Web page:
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The Blank SlateReview - The Blank Slate
The Modern Denial of Human Nature
by Steven Pinker
Penguin USA, 2002
Review by Maura Pilotti, Ph.D.
Feb 10th 2003 (Volume 7, Issue 7)

In The Blank Slate: The Modern Denial of Human Nature, Steven Pinker, a psychologist at M.I.T. and author of several books and articles on cognition and linguistics, attempts to shatter the widely popular belief that the human mind at birth is a tabula rasa (blank slate) to which the environment (nurture) gives form and substance.  The book is based on the premise that the influence of nurture and the consequences of genetic predispositions on human development (nature) can be empirically decoupled.  On the basis of this premise, Pinker marshals the view that regarding the human mind (or brain) as devoid of an innate structure (hardwiring) at birth is more of a dogma than a tenable position and that human nature is largely inscribed in the genome, which is the product of our evolutionary history.

Pinker starts his scientifically-oriented journey into the nature-nurture controversy by examining conceptions of the mind that embody the tabula rasa belief and the empirical evidence that is generally used to support it.  Here Pinker does a skillful job at pointing out theoretical inconsistencies and empirical weaknesses.  For instance, two of the most famous and extreme versions of the tabula rasa view, which Pinker finds easy to refute, are that of John Watson (1878-1958), the founder of behaviorism, who made the claim that he could train any infant to become what he fancied (from doctor to beggar) regardless of the infant’s talents and abilities, and that of B. F. Skinner (1904-1990), another behaviorist, who asserted that behavior could be understood by examining the environmental factors (contingencies) that surround a person without regard to the influence of genetic makeup and evolutionary history.  Pinker emphasizes that these claims are untenable by reminding us of the fortunes of Skinner’s disciples who attempted to train various animals to insert chips into vending machines and discovered that the animals not only resisted their attempts, but also insisted on handling the chips in species-specific manners (i.e., chickens pecked the chips whereas raccoons washed them).  He also reminds us that inscriptions on blank slates would be useless without “interpreters” (hardwired mechanisms) and that “interpreters” vary across species (e.g., a speech sound is a warning sign for a bird but a word for a representative of the human species).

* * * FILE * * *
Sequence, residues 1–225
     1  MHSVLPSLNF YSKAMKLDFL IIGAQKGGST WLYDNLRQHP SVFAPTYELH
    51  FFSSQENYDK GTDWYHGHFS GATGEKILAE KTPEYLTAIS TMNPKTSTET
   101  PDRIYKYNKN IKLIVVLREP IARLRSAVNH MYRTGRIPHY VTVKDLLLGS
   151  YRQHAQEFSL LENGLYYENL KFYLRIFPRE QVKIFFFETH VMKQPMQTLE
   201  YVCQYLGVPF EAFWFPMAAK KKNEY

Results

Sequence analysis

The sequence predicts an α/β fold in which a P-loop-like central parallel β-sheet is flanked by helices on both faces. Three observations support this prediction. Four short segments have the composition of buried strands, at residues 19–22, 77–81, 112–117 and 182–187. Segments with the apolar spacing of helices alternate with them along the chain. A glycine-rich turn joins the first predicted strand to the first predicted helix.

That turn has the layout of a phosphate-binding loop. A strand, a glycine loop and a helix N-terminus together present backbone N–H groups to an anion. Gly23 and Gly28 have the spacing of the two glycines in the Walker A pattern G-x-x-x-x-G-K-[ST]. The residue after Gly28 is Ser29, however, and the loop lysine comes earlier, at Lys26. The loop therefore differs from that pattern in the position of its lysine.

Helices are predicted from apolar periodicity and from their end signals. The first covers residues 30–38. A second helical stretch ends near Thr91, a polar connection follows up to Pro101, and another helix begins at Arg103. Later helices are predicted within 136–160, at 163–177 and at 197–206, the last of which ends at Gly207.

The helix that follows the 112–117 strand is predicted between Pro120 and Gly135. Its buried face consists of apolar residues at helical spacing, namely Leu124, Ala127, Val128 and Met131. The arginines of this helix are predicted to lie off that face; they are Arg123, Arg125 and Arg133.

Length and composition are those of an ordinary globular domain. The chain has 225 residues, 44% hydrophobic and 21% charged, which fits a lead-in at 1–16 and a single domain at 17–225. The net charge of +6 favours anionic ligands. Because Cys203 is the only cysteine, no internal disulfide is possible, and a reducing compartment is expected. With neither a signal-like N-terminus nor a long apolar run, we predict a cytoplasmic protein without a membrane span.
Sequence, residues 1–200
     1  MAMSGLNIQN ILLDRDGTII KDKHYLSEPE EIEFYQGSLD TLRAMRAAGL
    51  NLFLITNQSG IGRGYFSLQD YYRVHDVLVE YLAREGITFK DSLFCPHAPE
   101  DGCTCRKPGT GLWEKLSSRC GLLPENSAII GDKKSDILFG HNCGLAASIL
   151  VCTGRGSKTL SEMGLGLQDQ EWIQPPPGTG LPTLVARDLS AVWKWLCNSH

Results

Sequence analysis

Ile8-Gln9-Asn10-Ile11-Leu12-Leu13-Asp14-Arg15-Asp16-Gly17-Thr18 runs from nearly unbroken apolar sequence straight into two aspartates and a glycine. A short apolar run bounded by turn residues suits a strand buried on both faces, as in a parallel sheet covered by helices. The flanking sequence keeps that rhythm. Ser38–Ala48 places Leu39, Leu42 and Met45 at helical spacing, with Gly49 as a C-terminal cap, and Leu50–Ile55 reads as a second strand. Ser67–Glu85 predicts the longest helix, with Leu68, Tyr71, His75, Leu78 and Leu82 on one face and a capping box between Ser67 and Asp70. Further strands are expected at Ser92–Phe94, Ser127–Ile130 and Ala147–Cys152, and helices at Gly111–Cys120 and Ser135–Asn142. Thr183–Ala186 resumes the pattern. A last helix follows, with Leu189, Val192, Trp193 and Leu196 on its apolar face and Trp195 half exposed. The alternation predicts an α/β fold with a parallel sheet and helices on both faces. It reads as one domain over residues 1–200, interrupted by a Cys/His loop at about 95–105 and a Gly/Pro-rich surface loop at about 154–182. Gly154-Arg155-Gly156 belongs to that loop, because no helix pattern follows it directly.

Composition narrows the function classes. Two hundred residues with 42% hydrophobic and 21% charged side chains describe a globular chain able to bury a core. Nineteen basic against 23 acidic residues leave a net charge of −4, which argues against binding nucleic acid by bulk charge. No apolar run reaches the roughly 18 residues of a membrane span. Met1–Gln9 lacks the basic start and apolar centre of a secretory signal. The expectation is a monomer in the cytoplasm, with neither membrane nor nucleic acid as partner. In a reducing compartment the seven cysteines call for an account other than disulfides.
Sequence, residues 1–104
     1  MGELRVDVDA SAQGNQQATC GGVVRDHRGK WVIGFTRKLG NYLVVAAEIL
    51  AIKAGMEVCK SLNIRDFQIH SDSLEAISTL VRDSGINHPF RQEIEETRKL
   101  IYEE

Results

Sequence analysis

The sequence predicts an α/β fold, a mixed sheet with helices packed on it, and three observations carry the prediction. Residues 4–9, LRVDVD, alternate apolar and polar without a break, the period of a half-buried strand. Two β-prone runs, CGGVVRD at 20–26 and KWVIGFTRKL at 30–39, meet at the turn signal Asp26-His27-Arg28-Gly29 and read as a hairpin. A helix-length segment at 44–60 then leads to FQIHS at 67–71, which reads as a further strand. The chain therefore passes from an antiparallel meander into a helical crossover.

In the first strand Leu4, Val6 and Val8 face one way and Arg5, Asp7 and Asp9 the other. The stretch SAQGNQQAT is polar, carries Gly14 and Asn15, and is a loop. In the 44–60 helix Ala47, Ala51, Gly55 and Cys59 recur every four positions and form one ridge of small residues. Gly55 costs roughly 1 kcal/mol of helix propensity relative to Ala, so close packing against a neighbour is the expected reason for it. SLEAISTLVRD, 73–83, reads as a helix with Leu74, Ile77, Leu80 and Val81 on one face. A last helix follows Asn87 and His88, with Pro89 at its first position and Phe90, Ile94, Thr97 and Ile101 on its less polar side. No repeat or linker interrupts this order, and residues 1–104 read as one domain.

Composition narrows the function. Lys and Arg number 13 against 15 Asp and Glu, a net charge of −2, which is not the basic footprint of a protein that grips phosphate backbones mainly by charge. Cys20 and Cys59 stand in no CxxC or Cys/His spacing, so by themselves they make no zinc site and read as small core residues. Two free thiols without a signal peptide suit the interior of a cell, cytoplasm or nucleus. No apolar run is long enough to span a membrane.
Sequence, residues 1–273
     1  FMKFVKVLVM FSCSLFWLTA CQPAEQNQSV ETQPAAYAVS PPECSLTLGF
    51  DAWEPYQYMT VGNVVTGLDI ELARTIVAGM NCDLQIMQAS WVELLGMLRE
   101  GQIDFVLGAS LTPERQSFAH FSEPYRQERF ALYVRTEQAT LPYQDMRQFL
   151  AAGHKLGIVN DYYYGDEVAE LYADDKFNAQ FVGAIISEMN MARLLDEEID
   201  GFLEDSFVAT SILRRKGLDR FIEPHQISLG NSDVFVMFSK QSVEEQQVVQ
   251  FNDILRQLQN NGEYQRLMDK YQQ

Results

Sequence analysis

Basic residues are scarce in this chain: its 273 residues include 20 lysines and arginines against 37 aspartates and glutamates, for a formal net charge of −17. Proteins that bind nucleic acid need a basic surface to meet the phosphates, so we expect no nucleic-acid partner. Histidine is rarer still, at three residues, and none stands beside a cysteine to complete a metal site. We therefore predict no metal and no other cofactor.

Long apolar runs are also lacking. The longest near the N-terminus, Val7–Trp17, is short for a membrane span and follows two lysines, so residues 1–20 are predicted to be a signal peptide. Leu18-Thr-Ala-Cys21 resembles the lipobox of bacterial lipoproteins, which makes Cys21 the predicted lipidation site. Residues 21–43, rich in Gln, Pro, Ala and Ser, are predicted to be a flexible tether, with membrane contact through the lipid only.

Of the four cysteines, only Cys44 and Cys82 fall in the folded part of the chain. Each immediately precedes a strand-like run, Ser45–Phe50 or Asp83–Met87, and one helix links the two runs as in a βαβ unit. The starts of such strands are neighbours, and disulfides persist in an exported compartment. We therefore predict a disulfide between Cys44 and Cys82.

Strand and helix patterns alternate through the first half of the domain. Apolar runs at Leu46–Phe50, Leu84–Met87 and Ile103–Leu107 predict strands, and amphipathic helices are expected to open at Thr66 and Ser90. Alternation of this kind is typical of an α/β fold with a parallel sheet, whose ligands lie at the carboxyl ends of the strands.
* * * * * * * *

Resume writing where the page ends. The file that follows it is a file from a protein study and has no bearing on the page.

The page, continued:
Pinker’s task is more cumbersome when extreme positions are put aside and he takes issue with views that embody the belief that experience is the chief determinant of human development while acknowledging the possibility of some hardwiring in the brain (i.e., a slate not entirely blank at birth).  Pinker calls attention to three areas of scientific inquiry whose evidence has been interpreted as supporting the tabula rasa view: (1) The discovery of a lower-than-expected number of genes comprising the human genome, which suggests that genetic information may be too limited to account for the complexity and variety of human nature.  (2) The finding that generic artificial neural networks (computer models that mimic the complex functioning of populations of neurons in the human brain with very few “hardwired” constraints regarding their functioning) can replicate complex human cognitive activities (e.g., reading, remembering, etc.) via patterns of activity induced by massive environment stimulation.  (3) Findings of neural plasticity indicating that experience (e.g., specific sensory stimulation) shapes the human brain as it develops to adult levels.  Pinker skillfully examines the available evidence to advance his argument that any claim that the mind has either no innate structure or a very limited one is indefensible.  For instance, with respect to the claim that the human genome is too small to produce much hardwiring, he reminds us that research has still to shed light on how genes build the brain, and thus the number of genes that would be necessary to produce a largely hardwired brain is yet to be known.  With respect to generic artificial networks, Pinker relies on linguistic development, a topic familiar to him, to demonstrate that environmental stimulation alone cannot shape general-purpose learning devices into replicating complex cognitive activities and that only hybrid models with networks hardwired to handle specific computational functions can do so, suggesting that innate circuitry is an indispensable component of the human mind/brain.  Lastly, Pinker reminds us that the plasticity of the brain, as demonstrated by the successful reallocation of brain tissue to new functions, has its limitations, arguing against the notion that sensory information can magically mold amorphous brain tissue into a structure that performs some specific computations.  For instance, ferrets whose auditory thalamus and cortex are re-wired to receive information from the eyes can process visual information, but with some deficiencies (e.g., fuzzier and less organized representations of the visual field) and little change in the basic signal-processing operations that these areas were destined to perform.